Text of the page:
Studio Mojo Bones is currently working on a game called Impact Winter, due to release later this month, and in anticipation of that release, we talked to Mitch Murder, who did the music for the game, and designer Stuart Ryall, in order to discover more about the development process that has defined the game. First up was Mitch Murder, who has worked on games like Hotline Miami 2 in the past, but this partnership with Mojo Bones is something quite new...
Gamereactor: How did the collaboration with Mojo Bones come to be?
MM: Well, I've known Mark (of Mojo Bones) for years now, and while working on various projects separately, we always talked about how it would be cool to collaborate on something, and Impact Winter presented the perfect opportunity to do just that.
GR: What was your initial approach when putting down ideas for Impact Winter?
MM: Initially I was very much inspired by John Carpenter's "The Thing", and with that in mind I made some basic concepts for the first trailer. However, while still very much a synth score, eventually it sort of morphed into something slightly more melodic and piano heavy, and influences grew to include works like Blade Runner, The Fifth Element and also Dreamweb (one of my favourite '90s PC games).
GR: How does working on a video game soundtrack differ from your normal creative process?
MM: Working on soundtracks in general is different because there's usually some sort of guidelines and a set theme right from the start that you have to adhere to. It's something I really enjoy doing, though, interpreting other people's ideas and concepts and turning them into music, with the hopes that they recognise their original vision in the music upon hearing it.
GR: How much variety can we hear on the soundtrack - is the music perilous, or slow, or a mixture of both? And how do you manage the transitions between different in-game events?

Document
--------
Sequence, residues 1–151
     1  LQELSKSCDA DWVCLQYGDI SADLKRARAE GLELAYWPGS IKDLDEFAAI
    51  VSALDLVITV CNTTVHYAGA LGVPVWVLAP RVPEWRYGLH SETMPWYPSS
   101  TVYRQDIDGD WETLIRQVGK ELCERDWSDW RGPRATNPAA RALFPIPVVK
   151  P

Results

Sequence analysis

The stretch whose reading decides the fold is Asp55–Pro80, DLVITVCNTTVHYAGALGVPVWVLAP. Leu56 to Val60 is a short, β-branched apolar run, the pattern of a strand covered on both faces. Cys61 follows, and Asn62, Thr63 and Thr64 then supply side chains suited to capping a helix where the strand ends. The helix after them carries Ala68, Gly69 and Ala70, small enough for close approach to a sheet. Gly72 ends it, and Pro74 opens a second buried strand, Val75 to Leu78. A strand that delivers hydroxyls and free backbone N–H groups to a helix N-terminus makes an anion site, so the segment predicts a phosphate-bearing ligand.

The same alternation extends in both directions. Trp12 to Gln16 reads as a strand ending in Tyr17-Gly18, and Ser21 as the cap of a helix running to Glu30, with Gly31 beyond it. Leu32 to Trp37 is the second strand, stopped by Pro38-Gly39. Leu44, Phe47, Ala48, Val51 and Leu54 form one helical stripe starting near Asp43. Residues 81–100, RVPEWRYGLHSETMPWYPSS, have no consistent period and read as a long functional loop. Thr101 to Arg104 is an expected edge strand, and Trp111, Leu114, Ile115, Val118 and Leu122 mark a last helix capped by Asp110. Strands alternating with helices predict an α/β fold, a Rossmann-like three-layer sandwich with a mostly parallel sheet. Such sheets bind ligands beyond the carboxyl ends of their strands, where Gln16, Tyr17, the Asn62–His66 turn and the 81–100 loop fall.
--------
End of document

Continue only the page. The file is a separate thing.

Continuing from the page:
MM: There's certainly a sense of dread or unease to some pieces, but pretty much all of it is slower and atmospheric rather than fast paced. I didn't want it to sound "too ambient" however, so while some of it is indeed just droning ambience, there's still a sense of composition and structure to each track. As for transitions, when you're out in "The Void" for example, the music changes as day turns to night, so I made two different tracks in the same key and style to make the transition as smooth as possible.
GR: How important do you think the music and audio is in enhancing the experience?
MM: To me, it's very important, but I'm sure it differs from person to person, what type of game it is and whether or not the music compliments what's happening on screen. Hopefully, I've done a decent job with the latter.
GR: How has the collaboration been with the developers? Has there been a back and forth or did they mostly leave you to it? What influences and common ground do you share with them?
MM: They didn't really interfere much at all with the actual process aside from giving me feedback here and there, so it's been really nice having that kind of freedom. Early on we had a Skype conversation where we pretty much decided on a moody, sort of piano-heavy synth-score, so I think we've been more or less on the same page throughout the entire development process. Also, I'm sure it helps that we're all giant nerds for most things '80s pop-culture.
GR: Have you played the game much? If so, what do you think of it and its themes?
MM: I think the last time I played the game it was in early alpha, so I'm really excited to see how it's progressed since then once it's out. I love the way it looks. The contrast between its fairly dark and dystopian theme against its sort of cartoony aesthetics is really appealing to me for some reason.
GR: Having worked on things like Hotline Miami 2 and Kung Fury previously, how different is it to work on something like Impact Winter?
MM: Well, the obvious difference would be that Kung Fury and Hotline Miami are both more upbeat and action-oriented both in terms of gameplay as well as the music. Aside from that though, Impact Winter is by far the longest OST I've worked on so far, clocking in at well over one hour. It's also one of the more thematically consistent soundtracks I've made. Some might even say too much so, but I aimed for a very similar feel throughout most of it, for better or worse.
GR: What is the main thing you want people to take away from listening to your work in Impact Winter?
MM: I just hope it compliments the experience rather than take away from it. Can't really hope for more than that. I mean, it would be cool if people enjoy it enough to listen to it outside of the game as well, but I'm keeping my expectations low for now. Mostly because it's fairly different from a lot of my previous work, so people who know me from Kung Fury or my earlier Mitch Murder stuff might be surprised at the slow pace and what not.
Head over to the next page, where we interview designer Stuart Ryall.